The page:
Here in the United States, we have the freedom to read the Holy Bible in our churches and homes. We can carry it anywhere. The government will not stop us. Bibles are in abundance like apple trees. You can purchase them in Christian and secular bookstores. Department stores sell them. Some thrift stores, like the Salvation Army, gives them away. In a 2nd hand shop that is within walking distance from my house and is run by the Methodist church, there’s a free bookshelf filled with Bibles and Christian books. You can take what you want. One time I picked up a Bible and as I was leafing through it I was surprised to see someone had written in ink that it was a gift to their pastor, Jesse Young. I had just moved into my house a few weeks before and this name was becoming familiar to me because Jesse Young had once owned my house. It was in his family for 75 years. I bought this 100+ year old farmhouse from his three adult children at a very reasonable price. Since then, I have spent some time researching Pastor Young and discovered that he was a missionary who traveled to other countries. His wife was the post mistress of our tiny post office. Rev. Jesse Young’s name is still on a small brass plate on my front door, next to a very old chain that, when pulled, it sets off three bells.
Anyway, I digress. Here in America we have such wonderful freedom to read and enjoy the word of God anywhere and anytime we want. I can take my KJV with me when I ride the bus, at the doctor’s office, to a public park, etc. It sometimes starts a conversation with strangers who ask what I am reading, if I’m a Christian and what church do I attend. We have taken it for granted that there’s no shortage of God’s word here.
A few years ago, I was talking with a Christian lady from another country in an online forum. She had come to faith in Christ the previous year and didn’t have access to a Bible. Her village is very small and quite poor. More than anything, she wanted an Amplified Bible because her English wasn’t that good. I told her I would get her one; no problem. Then I found out that the shipping was very expensive and I couldn’t afford it. She was fine with that, but it upset me because every believer should have free access to God’s word. A Christian without a Bible is like trying to fix a car without an instruction manual.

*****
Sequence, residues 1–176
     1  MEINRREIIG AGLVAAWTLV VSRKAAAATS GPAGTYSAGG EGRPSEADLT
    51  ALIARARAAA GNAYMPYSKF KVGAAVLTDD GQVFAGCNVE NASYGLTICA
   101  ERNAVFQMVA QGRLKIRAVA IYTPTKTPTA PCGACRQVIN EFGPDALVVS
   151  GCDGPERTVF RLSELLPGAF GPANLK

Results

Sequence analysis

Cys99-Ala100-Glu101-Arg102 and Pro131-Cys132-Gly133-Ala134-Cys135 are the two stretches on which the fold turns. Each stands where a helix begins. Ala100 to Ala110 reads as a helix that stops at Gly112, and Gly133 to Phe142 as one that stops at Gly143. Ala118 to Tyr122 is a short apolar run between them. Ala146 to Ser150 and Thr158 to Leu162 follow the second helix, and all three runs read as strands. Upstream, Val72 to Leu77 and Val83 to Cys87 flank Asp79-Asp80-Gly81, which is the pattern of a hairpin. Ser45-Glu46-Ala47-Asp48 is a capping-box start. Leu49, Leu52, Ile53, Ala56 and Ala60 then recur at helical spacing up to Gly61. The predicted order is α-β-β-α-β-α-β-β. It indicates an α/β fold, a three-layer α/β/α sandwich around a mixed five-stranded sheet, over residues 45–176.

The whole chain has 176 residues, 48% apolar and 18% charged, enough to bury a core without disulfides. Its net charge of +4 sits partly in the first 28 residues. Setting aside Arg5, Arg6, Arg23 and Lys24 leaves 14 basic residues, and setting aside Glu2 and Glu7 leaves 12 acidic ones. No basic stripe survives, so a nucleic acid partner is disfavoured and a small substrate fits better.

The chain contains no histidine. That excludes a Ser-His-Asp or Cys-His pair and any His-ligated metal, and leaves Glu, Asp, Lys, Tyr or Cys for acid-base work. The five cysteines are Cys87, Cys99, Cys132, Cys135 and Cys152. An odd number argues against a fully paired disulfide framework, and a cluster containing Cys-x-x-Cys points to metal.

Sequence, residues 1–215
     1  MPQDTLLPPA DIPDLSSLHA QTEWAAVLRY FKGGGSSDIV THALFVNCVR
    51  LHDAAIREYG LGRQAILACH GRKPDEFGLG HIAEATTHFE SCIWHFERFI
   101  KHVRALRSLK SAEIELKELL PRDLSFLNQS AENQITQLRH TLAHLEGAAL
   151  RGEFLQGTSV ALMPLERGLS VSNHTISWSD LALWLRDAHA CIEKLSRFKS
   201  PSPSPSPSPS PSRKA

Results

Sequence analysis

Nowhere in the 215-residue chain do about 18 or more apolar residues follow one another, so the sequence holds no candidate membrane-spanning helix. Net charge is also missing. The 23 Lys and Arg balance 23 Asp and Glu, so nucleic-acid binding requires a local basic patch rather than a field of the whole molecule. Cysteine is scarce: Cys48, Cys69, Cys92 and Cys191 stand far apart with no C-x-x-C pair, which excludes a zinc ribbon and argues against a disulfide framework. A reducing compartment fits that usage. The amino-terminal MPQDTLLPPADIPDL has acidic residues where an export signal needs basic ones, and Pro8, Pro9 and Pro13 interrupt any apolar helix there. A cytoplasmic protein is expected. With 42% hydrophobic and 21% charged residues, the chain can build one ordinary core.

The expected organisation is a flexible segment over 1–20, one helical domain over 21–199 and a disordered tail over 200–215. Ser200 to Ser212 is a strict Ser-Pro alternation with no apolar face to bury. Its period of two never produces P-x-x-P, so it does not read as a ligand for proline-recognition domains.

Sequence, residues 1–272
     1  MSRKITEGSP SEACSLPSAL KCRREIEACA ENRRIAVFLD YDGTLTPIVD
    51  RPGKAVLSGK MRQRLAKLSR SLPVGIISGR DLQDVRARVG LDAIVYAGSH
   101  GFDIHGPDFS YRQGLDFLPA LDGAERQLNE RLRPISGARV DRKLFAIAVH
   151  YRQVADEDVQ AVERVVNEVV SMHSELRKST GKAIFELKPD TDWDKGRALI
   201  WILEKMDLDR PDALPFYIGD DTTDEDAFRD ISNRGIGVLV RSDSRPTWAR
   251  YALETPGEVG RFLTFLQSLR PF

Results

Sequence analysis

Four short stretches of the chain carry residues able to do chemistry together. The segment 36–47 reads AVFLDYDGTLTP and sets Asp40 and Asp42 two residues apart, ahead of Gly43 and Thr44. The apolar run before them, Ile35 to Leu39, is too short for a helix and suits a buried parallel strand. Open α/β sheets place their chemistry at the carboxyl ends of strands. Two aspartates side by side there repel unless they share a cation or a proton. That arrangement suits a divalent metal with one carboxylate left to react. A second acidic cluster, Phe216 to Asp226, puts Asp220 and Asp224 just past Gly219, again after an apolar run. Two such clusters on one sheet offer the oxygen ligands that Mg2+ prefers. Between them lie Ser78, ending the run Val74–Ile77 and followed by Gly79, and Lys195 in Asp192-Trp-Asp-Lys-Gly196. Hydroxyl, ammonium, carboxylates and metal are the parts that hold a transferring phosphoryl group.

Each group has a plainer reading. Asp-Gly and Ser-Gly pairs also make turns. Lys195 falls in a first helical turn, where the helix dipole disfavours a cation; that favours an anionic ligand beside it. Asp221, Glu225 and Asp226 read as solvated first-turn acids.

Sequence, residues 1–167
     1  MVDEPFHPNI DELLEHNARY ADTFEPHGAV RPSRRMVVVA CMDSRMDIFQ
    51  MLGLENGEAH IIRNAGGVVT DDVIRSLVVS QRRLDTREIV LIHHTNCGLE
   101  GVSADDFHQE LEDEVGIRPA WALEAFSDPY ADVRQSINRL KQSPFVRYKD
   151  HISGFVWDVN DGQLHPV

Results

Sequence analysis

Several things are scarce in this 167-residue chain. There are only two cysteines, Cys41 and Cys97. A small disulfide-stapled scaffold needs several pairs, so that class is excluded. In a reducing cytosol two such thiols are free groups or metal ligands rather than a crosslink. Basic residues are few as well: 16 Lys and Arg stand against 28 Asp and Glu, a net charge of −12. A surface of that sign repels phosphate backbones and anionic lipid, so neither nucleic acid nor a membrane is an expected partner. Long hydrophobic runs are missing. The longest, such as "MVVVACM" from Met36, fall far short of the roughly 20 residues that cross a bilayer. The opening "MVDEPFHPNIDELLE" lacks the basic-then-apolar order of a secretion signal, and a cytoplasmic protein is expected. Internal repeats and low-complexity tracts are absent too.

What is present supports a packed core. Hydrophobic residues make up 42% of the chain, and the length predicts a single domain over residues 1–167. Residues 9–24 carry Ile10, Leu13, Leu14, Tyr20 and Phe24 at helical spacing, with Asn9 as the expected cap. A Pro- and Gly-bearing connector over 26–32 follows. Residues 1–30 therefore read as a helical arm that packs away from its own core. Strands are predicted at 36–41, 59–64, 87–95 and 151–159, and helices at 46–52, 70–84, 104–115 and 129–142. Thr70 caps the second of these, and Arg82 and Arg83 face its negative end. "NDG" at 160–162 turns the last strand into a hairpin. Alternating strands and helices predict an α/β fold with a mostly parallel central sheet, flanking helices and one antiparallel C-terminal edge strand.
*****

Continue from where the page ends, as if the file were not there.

Lately, I have been reading about the time leading up to the Protestant Reformation. How men like Wycliffe and Tyndale risked their lives to get God’s word written in the language of the people. Even under threat of death, they didn’t cower, but persisted in their work in obedience to God. What a reward these brave men will one day receive in Heaven.
This leads me to wonder what about us Christians today? Will we exhibit the same kind of courage if we were arrested and sentence to death for being a Christian? Or more likely to deny Jesus and renounce our faith and work? Will torture or the threat of it, cause us to give up on God just so that we can live? The day may come when we the minority will be persecuted. What will you do? Will you make the decision to stand for Christ in the face of death? I can only hope and pray that God will give me the courage to say like Stephen, the first in the New Testament scriptures to die for Christ: “Lord Jesus, receive my spirit.” (Acts 7:59)
Or like the apostle Paul: “I have fought a good fight, I have finished my course, I have kept the faith; henceforth there is laid up for me a crown of righteousness.” (2 Timothy 4:7, 8)
Or Adoniram Judson, an American Baptist missionary and Bible translator to Burma: “I go with the gladness of a boy bounding away from school. I feel so strong in Christ.”